Mürren is the most ADORABLE little town that I have ever visited. It is a car-free village, IMG_6815complete with fresh alpine air and water, which runs freely in adorable water fountains all through the town. It is the highest village on the mountain and is only accessible by a gondola and train. We stayed in Mürren at Hotel Eiger (read more about that stay here) and had an absolute blast. We love the beach, but there is just something about the stillness and majesty of the mountains that just can’t be beat, and Mürren offers you the perfect mountain escape. Honestly, I think we both had the best sleep of our life here…it’s amazing what mountain air and the quietness of ZERO vehicles will do for you! Mürren is brimming with hiking trails, open fields, and cows in their pastures, IMG_7533making for a wildly enchanting display of ringing bells all throughout the fields. That might sound a bit obnoxious (I was certainly expecting it to be), but it was actually quite soothing and I find myself missing it already! Even if you aren’t a hiker, there are lots of smaller trails to take, and even walking through town, or down to Gimmelwald is super fun! If you ARE a hiker then you’ll be in a hiker’s paradise, as there are hiking trails that run all up and down the mountain that begin (or at least pass through) Mürren. We did the North Face Trail, which took us about 2 hours to complete, although we did go up the harder way. There is an option to take a train/trolley up the hardest portion, which will drop you off at the path, but we didn’t take that so I don’t know the price. The North Face Trail is a complete circle, so you begin and end in Mürren, and the difficulty is ranked as “medium” (it’s known to be good for kids, and probably even more-so if you are taking the trolley). Pro Tip: pick up fresh bread, cheese, and chocolate at the store on your way up and have a picnic in the Alps when you reach the open field! You get a perfect view of the mountains, including Eiger. (Pro PRO Tip: make sure that the water that you pick up to bring on your hike isn’t sparkling…we MAY have made this mistake….sparkling water is much less refreshing on a hike 😀 ). You also get to see lots of cows and sheep and hear their mesmerizing bells chiming throughout your whole hike. The path is mostly dirt and gravel until the last ¼ mile that brings you back into town where it turns to pavement. Total mileage is about 4 miles and the trail is situated right above Mürren. More adventurous hikers can hike for several days to get to the top of Schilthorn, but there are many hikes with difficulty levels for everyone in between! Be sure to ask your hotel receptionist for a map that lists hiking trails…everyone that we met spoke very good English and was super friendly, helpful, and hospitable!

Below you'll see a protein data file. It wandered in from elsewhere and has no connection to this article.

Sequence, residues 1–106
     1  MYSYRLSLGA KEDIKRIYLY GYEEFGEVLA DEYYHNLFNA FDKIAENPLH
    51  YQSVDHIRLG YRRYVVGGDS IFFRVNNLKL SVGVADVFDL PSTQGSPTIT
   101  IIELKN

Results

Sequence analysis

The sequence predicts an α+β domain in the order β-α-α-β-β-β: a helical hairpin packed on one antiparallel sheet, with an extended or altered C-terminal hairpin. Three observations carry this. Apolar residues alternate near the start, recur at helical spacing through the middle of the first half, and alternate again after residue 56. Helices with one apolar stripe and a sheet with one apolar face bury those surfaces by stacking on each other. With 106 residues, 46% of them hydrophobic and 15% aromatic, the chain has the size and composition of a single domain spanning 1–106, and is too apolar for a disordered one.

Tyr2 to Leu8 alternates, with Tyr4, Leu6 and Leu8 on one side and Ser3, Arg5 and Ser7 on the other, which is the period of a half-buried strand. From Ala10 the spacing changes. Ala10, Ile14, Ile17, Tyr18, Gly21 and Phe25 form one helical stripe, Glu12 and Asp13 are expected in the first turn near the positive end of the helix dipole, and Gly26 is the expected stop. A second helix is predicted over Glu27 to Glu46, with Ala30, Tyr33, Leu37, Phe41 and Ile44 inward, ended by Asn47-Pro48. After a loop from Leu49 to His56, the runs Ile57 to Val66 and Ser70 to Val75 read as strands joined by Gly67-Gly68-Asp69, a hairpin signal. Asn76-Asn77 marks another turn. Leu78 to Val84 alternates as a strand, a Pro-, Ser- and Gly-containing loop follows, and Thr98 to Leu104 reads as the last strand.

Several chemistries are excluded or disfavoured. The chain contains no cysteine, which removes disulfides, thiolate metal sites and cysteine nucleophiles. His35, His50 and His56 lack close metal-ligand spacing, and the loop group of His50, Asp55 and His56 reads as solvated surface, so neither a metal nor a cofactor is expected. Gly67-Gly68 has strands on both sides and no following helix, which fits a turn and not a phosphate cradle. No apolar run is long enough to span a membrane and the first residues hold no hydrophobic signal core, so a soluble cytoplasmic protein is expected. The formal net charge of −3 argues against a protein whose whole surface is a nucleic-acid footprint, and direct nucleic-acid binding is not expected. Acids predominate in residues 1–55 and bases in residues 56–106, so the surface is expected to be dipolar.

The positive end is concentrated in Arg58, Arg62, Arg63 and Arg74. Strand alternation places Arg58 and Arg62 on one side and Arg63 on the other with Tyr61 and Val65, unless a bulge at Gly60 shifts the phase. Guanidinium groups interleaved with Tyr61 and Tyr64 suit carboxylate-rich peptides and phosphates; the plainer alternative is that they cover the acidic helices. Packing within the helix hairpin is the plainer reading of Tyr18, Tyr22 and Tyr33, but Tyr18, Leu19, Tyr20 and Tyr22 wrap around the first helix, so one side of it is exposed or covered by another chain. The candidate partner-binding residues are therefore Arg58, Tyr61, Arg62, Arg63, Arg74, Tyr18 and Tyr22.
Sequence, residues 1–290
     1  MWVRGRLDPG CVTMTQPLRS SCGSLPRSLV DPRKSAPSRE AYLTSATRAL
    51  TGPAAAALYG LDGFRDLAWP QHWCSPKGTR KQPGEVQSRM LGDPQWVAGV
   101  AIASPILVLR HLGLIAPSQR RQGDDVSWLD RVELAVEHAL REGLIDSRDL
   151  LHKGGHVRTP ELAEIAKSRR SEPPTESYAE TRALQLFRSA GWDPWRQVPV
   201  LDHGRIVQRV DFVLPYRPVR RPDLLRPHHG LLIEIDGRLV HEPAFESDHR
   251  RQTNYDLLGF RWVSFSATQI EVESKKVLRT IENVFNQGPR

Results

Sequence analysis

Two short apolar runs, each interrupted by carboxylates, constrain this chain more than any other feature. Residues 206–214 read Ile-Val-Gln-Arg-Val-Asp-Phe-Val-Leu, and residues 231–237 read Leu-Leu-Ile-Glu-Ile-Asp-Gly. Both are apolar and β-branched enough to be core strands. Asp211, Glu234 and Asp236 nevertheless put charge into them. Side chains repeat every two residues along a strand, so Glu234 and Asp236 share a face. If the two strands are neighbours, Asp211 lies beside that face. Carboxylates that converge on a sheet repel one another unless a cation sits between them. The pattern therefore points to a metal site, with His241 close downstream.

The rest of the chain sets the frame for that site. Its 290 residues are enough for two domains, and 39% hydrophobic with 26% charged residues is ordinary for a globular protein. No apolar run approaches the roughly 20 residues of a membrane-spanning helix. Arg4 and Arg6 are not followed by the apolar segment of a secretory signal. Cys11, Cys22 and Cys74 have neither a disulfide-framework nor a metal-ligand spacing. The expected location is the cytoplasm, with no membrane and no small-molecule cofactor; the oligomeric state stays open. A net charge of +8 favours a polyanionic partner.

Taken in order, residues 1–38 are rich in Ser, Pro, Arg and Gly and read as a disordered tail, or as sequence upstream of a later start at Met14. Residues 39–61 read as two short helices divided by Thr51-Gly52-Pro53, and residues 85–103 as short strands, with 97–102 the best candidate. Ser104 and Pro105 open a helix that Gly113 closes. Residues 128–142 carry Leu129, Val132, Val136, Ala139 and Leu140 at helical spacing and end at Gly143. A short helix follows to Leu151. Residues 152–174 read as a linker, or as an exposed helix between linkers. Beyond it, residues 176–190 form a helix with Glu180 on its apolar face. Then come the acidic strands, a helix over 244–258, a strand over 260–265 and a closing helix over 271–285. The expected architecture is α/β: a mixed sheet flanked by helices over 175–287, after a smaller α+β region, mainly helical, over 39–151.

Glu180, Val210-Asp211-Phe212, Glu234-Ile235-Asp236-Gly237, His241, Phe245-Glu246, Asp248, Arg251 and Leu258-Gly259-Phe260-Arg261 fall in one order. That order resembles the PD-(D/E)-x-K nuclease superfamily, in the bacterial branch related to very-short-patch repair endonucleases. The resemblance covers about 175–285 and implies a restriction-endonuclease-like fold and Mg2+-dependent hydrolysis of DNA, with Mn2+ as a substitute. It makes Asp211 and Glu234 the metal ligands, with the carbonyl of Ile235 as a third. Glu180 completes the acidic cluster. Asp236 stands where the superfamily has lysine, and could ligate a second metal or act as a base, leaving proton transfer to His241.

3.) Schilthorn-Piz Gloria